During the 2008-2009 financial crisis, stock prices fluctuated wildly. The S&P 500 Index was 1,549.38 in October 2007, then dropped all the way to 735.09 in February 2009, and then rebounded to 1,104.49 by February 2012. Companies that actively repurchased their own stock shares were buyers in this volatile market. Movie rental company Netflix, for example, repurchased $130 million of its own stock in the third quarter of 2009 and publicly stated that it would borrow additional money to continue the continue the buy-backs. Amazon.com board of directors authorized a $2 billion stock buy-back, despite the fact that its shares were trading at 45 times the company’s projected 2010 earnings. Sears spent $134 million by August 1, 2009, to repurchase 2.7 million shares. Apple, Inc., on the other hand, did not repurchase any of its shares during this time period.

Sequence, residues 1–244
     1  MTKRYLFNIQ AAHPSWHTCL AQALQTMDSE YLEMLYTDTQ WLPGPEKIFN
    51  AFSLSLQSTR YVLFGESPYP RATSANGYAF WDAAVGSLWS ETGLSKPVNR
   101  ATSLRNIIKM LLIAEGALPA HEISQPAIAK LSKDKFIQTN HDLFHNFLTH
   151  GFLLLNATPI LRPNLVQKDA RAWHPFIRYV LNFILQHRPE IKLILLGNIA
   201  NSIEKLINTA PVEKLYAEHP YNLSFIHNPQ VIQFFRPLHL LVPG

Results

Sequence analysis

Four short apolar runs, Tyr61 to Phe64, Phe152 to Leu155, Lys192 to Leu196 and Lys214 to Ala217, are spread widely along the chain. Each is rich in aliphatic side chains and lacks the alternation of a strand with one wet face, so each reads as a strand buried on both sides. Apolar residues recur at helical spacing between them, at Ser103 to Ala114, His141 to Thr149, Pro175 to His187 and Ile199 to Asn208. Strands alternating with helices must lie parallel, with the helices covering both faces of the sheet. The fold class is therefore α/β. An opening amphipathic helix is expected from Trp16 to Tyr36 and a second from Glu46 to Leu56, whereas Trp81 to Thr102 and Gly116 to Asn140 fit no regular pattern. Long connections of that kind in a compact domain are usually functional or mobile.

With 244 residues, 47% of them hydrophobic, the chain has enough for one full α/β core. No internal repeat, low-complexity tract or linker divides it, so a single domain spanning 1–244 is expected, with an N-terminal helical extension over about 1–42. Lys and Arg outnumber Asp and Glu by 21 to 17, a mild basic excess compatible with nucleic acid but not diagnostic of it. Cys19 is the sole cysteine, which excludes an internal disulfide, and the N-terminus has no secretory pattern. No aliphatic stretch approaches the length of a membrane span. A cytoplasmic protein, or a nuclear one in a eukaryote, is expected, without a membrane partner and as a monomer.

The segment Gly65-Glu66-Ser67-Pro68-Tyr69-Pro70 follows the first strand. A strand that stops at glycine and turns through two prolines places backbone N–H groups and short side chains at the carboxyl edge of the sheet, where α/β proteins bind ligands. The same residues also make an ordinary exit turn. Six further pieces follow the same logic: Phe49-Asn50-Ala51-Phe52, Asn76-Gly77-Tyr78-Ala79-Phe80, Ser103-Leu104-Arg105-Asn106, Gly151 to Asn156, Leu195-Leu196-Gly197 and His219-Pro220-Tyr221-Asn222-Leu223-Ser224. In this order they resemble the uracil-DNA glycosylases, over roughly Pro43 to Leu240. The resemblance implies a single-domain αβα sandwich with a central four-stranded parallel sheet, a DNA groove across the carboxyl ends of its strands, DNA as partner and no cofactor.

(a) What is meant by a stock price selling for “45 times” its earnings?
(b) What does a volatile stock market do to a company with an announced plan to repurchase its own shares?
(c) Explain how repurchases followed by stock issuances affect the financial statements.
(d) Netflix borrowed to finance share repurchases. How would this sequences of events affect its leverage position?
(e) If companies reissue previously purchased treasury stock at prices that differ from the cost of the repurchases, are gains and losses recognized on the income statement? Why or why not?